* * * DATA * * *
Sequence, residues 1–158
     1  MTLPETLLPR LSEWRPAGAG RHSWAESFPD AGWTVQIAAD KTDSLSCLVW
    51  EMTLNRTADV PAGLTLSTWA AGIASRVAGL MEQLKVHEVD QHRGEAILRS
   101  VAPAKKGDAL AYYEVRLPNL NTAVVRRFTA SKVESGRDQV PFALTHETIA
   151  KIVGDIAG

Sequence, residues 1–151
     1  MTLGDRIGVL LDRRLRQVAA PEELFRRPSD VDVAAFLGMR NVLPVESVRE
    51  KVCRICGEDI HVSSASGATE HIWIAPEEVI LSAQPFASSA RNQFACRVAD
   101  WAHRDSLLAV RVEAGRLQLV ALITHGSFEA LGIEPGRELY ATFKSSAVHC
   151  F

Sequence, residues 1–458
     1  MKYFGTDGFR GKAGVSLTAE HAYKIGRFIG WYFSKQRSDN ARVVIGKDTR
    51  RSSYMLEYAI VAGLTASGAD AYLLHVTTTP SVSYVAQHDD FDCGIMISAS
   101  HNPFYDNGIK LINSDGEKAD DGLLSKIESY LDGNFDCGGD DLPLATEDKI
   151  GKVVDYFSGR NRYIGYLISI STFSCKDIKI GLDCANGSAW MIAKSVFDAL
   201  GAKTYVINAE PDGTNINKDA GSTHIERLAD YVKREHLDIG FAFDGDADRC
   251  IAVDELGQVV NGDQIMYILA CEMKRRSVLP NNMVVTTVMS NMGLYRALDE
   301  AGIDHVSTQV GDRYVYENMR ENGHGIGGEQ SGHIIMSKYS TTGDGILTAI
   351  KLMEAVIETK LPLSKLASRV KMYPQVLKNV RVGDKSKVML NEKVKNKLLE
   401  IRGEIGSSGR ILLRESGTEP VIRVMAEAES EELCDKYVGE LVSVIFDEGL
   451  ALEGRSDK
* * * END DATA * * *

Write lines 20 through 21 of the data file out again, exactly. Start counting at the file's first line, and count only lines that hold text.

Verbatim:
   401  IRGEIGSSGR ILLRESGTEP VIRVMAEAES EELCDKYVGE LVSVIFDEGL
   451  ALEGRSDK